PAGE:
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Anti-American sentiment at unprecedented levels

By Bernd Debusmann
Special Correspondent

With anti-American sentiment at unprecedented levels around the world, Americans worried about their country's low standing are pushing a grassroots campaign to change foreign perceptions of the United States "one handshake at a time."

By Bernd Debusmann
Special Correspondent

With anti-American sentiment at unprecedented levels around the world, Americans worried about their country’s low standing are pushing a grassroots campaign to change foreign perceptions of the United States "one handshake at a time."

The idea is to turn millions of Americans into "citizen diplomats" who use personal meetings with foreigners to counter the ugly image of the United States shown in a series of international public opinion polls. They show widespread negative attitudes not only toward U.S. policies but also toward the American people and, increasingly, even American products.

To stem the relentless decline of America’s international standing — a dramatic change from the almost universal sympathy for the country immediately after the September 11 attacks on New York and Washington –leaders of more than 30 civic organizations formed a "Coalition for Citizen Diplomacy" two years ago.

The coalition, a loose alliance of national, state and community groups, held its first national summit in July in Washington, where speakers deplored the sorry state of the U.S. image but expressed hope that individual action and international people-to-people exchanges could go a long way toward improving things.


"Citizen diplomacy is the concept that the individual citizen has the right and the responsibility to help shape U.S. foreign relations one handshake at a time," said Sherry Lee Mueller, one of the coalition’s leaders.

"Whether you are student sitting next to a foreign scholar at your university, an athlete playing abroad, an elected official welcoming counterparts, a rock star or a business representative overseas, you are a citizen diplomat and can make a life-changing difference."

Not even the most optimistic delegates to the Washington meeting, billed as the first of its kind, thought citizen diplomacy could soon reverse a trend that has accelerated sharply under President George W. Bush, many of whose foreign policy decisions have been criticized as unilateralist and arrogant.

Distaste for America runs so deep that, for example, at the recent World Cup in Germany the American team was the only one asked not to display its national flag on the team bus. In South Korea, traditionally a U.S. ally, two-thirds of people under 30 said in a recent poll that if there were war between North Korea and the United States, they would side with North Korea.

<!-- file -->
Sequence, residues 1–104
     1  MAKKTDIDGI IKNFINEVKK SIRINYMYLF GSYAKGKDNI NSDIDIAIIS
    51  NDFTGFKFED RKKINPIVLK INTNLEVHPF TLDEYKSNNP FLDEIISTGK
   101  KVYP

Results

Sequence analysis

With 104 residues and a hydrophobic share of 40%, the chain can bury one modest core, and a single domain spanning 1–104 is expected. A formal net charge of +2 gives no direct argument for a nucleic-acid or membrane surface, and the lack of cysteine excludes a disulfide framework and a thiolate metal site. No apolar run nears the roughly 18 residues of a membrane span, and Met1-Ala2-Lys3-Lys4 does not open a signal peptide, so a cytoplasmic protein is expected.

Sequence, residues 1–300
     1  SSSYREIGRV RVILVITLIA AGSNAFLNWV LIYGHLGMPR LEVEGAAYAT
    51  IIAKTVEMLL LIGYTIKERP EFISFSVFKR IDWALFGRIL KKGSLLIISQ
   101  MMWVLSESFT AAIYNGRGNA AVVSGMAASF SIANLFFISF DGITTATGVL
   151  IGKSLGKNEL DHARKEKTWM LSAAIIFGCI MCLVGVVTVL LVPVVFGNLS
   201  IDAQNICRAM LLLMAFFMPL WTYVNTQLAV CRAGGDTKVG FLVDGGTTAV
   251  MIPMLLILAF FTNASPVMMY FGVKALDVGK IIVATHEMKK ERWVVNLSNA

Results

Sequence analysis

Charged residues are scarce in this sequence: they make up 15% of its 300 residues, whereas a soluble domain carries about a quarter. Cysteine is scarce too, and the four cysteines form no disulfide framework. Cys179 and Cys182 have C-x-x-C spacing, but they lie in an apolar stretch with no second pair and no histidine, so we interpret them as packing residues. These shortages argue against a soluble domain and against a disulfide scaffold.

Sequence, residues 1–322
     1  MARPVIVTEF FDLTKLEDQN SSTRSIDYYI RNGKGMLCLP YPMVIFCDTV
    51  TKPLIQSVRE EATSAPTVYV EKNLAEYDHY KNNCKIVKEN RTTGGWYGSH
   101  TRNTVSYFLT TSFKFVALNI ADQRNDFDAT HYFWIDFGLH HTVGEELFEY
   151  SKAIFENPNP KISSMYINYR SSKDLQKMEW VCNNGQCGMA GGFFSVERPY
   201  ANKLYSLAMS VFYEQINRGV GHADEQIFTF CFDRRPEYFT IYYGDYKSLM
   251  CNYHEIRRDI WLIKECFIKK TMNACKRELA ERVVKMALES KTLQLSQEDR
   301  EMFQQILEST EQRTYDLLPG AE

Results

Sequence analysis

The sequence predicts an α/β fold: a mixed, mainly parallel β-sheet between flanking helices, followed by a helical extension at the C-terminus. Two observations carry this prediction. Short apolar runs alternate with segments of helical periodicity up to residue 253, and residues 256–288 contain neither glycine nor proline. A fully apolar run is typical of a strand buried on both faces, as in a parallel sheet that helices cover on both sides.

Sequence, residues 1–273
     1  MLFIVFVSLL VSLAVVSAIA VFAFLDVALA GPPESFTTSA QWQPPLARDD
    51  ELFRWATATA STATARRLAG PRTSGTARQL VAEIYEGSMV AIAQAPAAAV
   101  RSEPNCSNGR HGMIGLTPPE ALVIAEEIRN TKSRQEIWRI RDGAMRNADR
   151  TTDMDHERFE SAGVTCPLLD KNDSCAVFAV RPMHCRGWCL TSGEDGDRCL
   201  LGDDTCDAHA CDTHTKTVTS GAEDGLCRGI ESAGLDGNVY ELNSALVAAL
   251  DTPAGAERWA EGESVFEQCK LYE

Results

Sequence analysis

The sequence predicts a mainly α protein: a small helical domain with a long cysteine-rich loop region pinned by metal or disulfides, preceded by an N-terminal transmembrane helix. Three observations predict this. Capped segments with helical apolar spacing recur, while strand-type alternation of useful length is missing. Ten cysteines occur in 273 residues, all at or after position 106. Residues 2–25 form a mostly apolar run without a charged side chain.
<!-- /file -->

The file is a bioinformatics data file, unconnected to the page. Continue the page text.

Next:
"Anti-Americanism runs deeper and is qualitatively different than in the past, when it was largely attributable to unpopular U.S. policies," Andrew Kohut, director of the Pew Research Center for the People and the Press, says in a new book on the subject, "America Against the World."

Polls show that people who have visited the United States or have been involved in exchange programs have a more favorable impression of the country than those who have not, and one of the questions discussed at the Washington meeting was how to attract more visitors and increase exchange programs.

The coalition embraces long-established organizations such as Sister Cities International, the Fulbright scholarship program and the National Council for International Visitors as well as a host of small groups largely run by volunteers and operated on shoestring budgets.


Between 4 million and 5 million Americans are estimated to be involved, directly or indirectly, in "citizen diplomacy" projects — not a large number compared to the overall population of 300 million but substantial in comparison to the 51,000 employees of the U.S Department of State.

Since the alliance was established at a meeting in Racine, Wisconsin two years ago, its members have held 50 "community summits" on citizen diplomacy, most in places not usually associated with foreign policy concerns — Tulsa, Oklahoma, for example, Chattanooga, Tennessee, or Hopkinsville, Kentucky.

Parallel to the grassroots effort to spread the message that there is more to the United States than wars, superpower arrogance and tourists clad in shorts, a business-backed group called Business for Diplomatic Action (BDA) is lining up corporate support for public diplomacy by business travelers.

BDA, whose board includes executives from Exxon and McDonald’s, last May began distributing a "World Citizen’s Guide" to corporate travelers with 16 tips to change the behavior patterns that have earned Americans a boorish reputation in the first place.

This is not a philanthropic mission. "American companies should care about America’s standing in the world, first of all, because sooner or later anti-Americanism is bad for business," BDA President Keith Reinhard said at the Washington meeting. "Corporate America needs a world that welcomes and values American brands. Unfortunately, this is becoming less and less true."

That holds true even for the United States as a travel destination. "A direct consequence of the decline of America’s reputation in the world," according to Reinhard, "is that more people around the world are consciously and purposely saying ‘I don’t want to visit America.’"

Travel Industry Association Statistics show that the U.S. share of world tourism declined from 7.4 percent in 2000 to 6 percent last year. A 1 percentage point increase, according to the association, would mean 7.6 million additional arrivals, $12.3 billion in additional spending, 150,000 additional jobs, $3.3 billion in additional payroll and $2.1 billion in additional tax revenue.

© Reuters 2006